The Slants win Supreme Court battle over band name

Asian American rock band wins the right to trademark their "disparaging" band name.

'The Slants have won the right to trademark their band name. The Supreme Court ruled Monday that even trademarks considered to be derogatory deserve First Amendment protection, in a ruling that could have significant impact on how speech protection is applied in other trademark cases.

Supreme Court Strikes Down Rule Against Disparaging Trademarks

The Slants' frontman, Simon Tam, filed a lawsuit after the U.S. Patent and Trademark Office denied the band from registering its name, and rejected repeat appeals, citing a section of the 1946 Lanham Act, a federal law that prohibits registration of trademarks that "disparage" or "bring into contempt or disrepute" persons, institutions, beliefs or national symbols. Tam contended that the 70-year-old law violates free speech rights.

In an 8-0 ruling, the court agreed with The Slants, determining the law's disparagement clause violates the free speech clause of the First Amendment.

"The commercial market is well stocked with merchandise that disparages prominent figures and groups, and the line between commercial and non-commercial speech is not always clear, as this case illustrates," Justice Samuel Alito wrote in his opinion for the court. "If affixing the commercial label permits the suppression of any speech that may lead to political or social 'volatility,' free speech would be endangered."

The Slants have maintained that they chose their band name precisely because it is seen as offensive, in an effort to reclaim and reappropriate the slur into something positive and empowering. If you've ever listened to The Slants' music, you know their unique brand of "Chinatown dance rock" unabashedly reflects this spirit.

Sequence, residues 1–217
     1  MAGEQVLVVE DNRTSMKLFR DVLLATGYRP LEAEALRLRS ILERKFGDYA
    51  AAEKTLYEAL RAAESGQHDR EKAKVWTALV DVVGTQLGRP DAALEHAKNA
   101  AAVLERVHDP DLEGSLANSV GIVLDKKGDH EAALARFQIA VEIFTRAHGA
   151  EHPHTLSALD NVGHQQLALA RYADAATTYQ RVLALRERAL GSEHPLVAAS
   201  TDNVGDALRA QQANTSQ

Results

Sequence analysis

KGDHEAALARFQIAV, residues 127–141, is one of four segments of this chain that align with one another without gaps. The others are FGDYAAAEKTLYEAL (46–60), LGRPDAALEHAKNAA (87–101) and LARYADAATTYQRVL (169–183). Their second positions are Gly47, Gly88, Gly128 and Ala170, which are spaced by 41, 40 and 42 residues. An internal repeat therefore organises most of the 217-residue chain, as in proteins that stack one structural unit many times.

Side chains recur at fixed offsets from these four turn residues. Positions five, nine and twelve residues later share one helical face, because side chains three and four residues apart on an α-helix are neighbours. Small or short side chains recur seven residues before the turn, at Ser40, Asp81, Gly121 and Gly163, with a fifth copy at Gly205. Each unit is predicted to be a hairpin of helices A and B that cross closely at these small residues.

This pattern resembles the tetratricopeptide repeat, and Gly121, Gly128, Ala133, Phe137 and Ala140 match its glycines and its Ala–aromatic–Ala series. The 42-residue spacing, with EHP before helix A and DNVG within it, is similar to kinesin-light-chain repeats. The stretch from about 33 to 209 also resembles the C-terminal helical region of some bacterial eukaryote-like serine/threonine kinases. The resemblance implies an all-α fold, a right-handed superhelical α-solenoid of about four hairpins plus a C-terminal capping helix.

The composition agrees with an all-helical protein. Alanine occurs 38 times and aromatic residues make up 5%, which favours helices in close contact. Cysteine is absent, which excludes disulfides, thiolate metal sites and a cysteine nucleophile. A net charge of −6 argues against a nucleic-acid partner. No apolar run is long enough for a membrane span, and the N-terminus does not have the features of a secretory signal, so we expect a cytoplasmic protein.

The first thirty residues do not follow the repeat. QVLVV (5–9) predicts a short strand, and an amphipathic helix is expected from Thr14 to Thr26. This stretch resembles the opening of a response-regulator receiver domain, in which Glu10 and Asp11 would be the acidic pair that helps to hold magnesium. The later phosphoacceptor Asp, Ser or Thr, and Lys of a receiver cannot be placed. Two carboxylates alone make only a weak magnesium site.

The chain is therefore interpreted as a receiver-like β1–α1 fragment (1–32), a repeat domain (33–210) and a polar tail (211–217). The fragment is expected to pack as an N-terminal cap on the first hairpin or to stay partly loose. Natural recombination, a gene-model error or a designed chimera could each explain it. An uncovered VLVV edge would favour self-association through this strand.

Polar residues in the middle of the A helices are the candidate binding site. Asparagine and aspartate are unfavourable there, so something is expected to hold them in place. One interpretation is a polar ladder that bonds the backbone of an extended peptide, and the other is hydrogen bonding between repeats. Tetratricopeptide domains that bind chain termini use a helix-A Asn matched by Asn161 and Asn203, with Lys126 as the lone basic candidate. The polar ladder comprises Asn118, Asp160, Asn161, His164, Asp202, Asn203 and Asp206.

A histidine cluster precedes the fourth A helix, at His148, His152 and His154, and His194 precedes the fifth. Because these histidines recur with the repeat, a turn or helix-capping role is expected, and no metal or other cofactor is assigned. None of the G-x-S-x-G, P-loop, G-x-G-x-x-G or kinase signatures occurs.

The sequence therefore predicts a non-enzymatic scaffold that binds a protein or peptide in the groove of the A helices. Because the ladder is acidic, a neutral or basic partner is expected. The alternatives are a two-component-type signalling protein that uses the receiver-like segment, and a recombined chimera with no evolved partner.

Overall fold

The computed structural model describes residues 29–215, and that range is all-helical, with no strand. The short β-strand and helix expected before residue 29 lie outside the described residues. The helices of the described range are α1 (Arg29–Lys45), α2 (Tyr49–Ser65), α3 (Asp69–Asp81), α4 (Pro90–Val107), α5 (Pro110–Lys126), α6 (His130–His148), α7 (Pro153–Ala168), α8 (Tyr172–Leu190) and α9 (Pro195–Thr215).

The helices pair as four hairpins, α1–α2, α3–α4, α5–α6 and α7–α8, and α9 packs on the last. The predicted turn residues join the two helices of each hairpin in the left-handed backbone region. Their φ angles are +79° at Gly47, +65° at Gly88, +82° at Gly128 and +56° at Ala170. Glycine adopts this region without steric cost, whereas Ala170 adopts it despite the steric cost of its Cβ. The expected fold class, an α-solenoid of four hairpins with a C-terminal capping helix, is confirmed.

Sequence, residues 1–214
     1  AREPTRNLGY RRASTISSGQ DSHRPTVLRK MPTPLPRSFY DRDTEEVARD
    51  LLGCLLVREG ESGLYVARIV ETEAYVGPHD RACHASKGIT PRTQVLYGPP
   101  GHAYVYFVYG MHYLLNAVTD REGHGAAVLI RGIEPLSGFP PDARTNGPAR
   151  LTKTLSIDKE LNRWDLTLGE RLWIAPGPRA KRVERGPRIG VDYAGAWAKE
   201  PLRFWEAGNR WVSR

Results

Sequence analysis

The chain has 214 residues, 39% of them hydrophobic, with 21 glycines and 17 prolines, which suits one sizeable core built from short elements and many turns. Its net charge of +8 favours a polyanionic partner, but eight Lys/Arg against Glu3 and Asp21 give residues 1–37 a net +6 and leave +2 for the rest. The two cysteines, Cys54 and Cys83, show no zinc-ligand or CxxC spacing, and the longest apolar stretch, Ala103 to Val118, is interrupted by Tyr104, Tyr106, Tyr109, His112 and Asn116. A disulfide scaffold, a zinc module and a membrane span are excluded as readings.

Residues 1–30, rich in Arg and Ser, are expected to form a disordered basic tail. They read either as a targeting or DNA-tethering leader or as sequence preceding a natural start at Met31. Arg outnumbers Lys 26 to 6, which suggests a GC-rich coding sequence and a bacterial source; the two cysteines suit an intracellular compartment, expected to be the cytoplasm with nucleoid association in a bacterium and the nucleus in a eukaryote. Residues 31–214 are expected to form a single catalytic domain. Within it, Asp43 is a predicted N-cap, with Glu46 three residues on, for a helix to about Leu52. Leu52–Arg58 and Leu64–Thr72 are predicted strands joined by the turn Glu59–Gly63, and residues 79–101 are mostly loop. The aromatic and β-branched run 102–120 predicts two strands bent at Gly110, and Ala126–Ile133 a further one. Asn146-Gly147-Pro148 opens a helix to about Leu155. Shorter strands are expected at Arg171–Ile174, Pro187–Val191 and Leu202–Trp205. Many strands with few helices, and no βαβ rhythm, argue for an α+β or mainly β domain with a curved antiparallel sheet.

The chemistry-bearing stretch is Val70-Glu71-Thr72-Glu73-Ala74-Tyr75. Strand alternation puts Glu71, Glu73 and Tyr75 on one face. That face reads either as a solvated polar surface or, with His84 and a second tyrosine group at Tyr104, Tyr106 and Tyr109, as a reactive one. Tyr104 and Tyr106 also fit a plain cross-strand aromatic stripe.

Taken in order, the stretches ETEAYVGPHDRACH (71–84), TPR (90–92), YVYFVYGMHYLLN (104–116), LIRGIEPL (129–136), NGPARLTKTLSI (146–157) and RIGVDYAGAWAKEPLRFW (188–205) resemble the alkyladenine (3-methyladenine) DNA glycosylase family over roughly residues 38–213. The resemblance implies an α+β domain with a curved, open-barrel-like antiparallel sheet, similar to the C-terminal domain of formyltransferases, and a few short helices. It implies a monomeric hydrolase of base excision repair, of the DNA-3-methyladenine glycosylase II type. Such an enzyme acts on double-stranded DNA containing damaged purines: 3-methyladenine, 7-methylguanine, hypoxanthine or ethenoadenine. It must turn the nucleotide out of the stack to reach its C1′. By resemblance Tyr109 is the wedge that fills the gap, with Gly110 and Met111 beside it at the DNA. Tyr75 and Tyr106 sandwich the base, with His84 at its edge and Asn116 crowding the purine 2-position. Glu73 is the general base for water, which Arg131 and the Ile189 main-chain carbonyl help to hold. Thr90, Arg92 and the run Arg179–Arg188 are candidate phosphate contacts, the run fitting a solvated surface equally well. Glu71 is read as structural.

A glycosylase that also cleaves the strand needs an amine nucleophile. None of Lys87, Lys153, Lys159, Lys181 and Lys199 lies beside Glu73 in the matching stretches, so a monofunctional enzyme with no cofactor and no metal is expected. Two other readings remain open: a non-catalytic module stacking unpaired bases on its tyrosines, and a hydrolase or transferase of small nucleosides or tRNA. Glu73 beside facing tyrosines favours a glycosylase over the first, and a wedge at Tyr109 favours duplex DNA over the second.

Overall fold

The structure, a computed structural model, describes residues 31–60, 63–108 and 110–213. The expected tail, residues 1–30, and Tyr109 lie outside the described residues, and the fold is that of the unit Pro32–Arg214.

I should note that I've been a supporter of The Slants and their fight to trademark their name since almost the beginnings of their seven-year conflict with the U.S. Patent and Trademark Office. I even lent my name to one of their many documents of community support during some of the early appeal proceedings. For me, the heart of this issue has been the laughably arbitrary and questionable standards by which the USPTO determines what is and is not "disparaging" with regard to The Slants and other applicants.

Shouldn't we, as Asian Americans, be allowed to determine what is "offensive" to us? I understand the sentiment behind barring disparaging remarks. But there has to be some room in this discussion for communities to reclaim and reappropriate words that were once and still considered offensive. Not blanket determinations based on anecdotal evidence or -- I kid you not -- entries from urbandictionary.com.

This is a landmark ruling, and it will no doubt have significant implications for, as pretty much all commentators have invariably pointed out, the ongoing debate over the Washington Redskins team name.

By the way, fuck the Washington Redskins.

For now, hats off to The Slants at the close of many years of struggle and a hard-fought victory.

More here: The Slants Win Supreme Court Battle Over Band's Name In Trademark Dispute

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